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Occupationally related angiosarcoma of the liver in the United Kingdom 1972-1994.
  1. F I Lee,
  2. P M Smith,
  3. B Bennett,
  4. D M Williams
  1. Department of Gastroenterology, Blackpool Victoria Hospital NHS Trust, Blackpool, Lancashire.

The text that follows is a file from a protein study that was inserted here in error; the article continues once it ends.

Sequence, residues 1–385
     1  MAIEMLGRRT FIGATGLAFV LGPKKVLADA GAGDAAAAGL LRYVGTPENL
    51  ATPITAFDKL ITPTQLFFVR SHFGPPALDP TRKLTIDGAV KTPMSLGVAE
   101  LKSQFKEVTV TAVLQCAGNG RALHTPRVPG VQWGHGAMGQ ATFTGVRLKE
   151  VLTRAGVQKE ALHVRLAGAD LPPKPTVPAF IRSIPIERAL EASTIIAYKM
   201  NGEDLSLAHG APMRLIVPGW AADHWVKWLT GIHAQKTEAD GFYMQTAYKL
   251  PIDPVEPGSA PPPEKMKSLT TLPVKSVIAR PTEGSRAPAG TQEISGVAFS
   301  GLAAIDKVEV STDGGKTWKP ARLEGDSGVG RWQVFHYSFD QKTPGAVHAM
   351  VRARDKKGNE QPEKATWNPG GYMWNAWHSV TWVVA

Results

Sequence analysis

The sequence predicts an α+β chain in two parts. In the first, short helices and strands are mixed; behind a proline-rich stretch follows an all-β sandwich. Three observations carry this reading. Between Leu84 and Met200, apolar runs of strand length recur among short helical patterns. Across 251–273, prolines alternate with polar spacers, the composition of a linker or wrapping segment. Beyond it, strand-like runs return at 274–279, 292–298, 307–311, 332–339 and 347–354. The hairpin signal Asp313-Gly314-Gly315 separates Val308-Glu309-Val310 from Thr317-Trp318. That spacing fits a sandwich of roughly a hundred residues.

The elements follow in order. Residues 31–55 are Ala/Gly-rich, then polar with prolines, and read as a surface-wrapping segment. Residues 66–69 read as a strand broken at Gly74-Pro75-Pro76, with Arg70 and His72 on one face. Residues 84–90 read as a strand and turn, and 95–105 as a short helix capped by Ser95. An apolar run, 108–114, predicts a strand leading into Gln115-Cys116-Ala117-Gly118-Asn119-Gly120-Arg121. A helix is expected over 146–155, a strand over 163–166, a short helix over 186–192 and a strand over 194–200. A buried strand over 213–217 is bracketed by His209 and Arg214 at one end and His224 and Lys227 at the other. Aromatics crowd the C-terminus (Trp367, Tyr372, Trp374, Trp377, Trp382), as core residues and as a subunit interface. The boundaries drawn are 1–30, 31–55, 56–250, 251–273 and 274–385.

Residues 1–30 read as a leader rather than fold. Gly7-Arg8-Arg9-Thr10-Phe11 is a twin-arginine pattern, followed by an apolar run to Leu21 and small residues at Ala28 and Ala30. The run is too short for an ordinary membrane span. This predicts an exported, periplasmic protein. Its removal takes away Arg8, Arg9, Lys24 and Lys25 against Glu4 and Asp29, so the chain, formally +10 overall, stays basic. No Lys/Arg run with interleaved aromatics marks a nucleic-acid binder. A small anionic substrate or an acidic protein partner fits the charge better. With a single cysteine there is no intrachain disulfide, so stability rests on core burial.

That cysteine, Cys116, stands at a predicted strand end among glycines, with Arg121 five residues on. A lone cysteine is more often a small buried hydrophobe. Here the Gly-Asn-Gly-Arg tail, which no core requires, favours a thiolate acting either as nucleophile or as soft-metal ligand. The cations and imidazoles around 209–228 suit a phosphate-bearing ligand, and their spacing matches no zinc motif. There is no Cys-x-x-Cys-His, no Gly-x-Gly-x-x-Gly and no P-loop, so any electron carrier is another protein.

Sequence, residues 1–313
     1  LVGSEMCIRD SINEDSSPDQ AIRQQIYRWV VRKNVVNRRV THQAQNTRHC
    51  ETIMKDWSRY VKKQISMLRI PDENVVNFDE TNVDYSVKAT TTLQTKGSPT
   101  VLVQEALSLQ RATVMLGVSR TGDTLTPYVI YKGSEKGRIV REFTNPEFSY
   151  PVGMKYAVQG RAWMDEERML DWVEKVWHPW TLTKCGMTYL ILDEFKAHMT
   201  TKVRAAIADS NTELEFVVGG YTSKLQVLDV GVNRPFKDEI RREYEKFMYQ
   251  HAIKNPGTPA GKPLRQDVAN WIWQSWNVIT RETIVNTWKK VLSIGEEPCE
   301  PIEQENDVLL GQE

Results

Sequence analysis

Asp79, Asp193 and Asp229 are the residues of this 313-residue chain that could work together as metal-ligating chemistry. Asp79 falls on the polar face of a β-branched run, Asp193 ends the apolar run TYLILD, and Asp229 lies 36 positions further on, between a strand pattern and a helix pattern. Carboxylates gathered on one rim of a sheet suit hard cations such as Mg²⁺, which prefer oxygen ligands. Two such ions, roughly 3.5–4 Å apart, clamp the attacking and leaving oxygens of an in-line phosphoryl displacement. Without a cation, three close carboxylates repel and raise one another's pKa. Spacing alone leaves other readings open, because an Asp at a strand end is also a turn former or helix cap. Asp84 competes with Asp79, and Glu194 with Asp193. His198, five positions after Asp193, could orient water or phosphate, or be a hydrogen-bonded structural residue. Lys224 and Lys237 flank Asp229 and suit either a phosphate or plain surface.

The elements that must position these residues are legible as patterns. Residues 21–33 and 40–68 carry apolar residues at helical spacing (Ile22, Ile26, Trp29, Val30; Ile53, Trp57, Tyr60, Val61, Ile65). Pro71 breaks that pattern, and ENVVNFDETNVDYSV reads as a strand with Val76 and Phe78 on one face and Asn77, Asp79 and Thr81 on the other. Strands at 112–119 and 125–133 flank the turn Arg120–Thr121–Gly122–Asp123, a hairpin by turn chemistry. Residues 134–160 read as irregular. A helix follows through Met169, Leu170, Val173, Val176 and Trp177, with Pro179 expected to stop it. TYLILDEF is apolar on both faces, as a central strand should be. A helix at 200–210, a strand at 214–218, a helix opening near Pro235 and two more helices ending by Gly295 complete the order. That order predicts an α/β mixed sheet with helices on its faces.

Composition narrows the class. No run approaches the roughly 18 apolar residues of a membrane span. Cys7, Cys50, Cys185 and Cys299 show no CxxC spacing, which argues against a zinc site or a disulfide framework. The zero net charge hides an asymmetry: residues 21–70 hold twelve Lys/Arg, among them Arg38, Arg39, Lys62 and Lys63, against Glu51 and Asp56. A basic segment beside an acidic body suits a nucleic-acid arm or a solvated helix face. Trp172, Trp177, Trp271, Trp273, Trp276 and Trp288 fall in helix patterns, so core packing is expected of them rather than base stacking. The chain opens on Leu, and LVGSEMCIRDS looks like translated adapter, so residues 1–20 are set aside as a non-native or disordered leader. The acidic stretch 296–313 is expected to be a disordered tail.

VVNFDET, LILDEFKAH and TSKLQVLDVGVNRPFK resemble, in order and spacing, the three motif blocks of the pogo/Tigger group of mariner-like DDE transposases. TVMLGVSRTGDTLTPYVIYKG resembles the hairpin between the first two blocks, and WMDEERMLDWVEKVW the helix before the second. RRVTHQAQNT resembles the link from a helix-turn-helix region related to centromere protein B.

BACKGROUND: Angiosarcoma of the liver (ASL) has been described in vinyl chloride workers worldwide. AIM: To describe the UK experience of occupationally related ASL. PATIENTS: Twenty patients who died from ASL after exposure to vinyl chloride. METHODS: The case records and pathological findings of these 20 patients were reviewed. RESULTS: Twenty men in the United Kingdom aged 37 to 71 years have developed ASL in association with occupational exposure to vinyl chloride monomer VCM in two factories. All had been exposed to VCM for three to 29 years, the tumour developing nine to 35 years after first exposure. Presenting clinical features included abdominal pain, malaise, jaundice, ascites, and massive hepatomegaly. In most cases the disease progressed rapidly, death occurring within a few weeks from hepatic coma. In 17 cases there was no spread outside the liver. In four cases there had been haemorrhage from oesophageal varices due to non-cirrhotic portal fibrosis diagnosed six to 18 years previously. At necropsy the livers of these men showed considerable, often massive, replacement by tumour, apparently multifocal, with necrosis and haemorrhage. CONCLUSIONS: In view of the long latency between exposure and development of the tumour the full extent of ASL occurrence may not be known until 35 years after the introduction of the Code of Practice in 1975.

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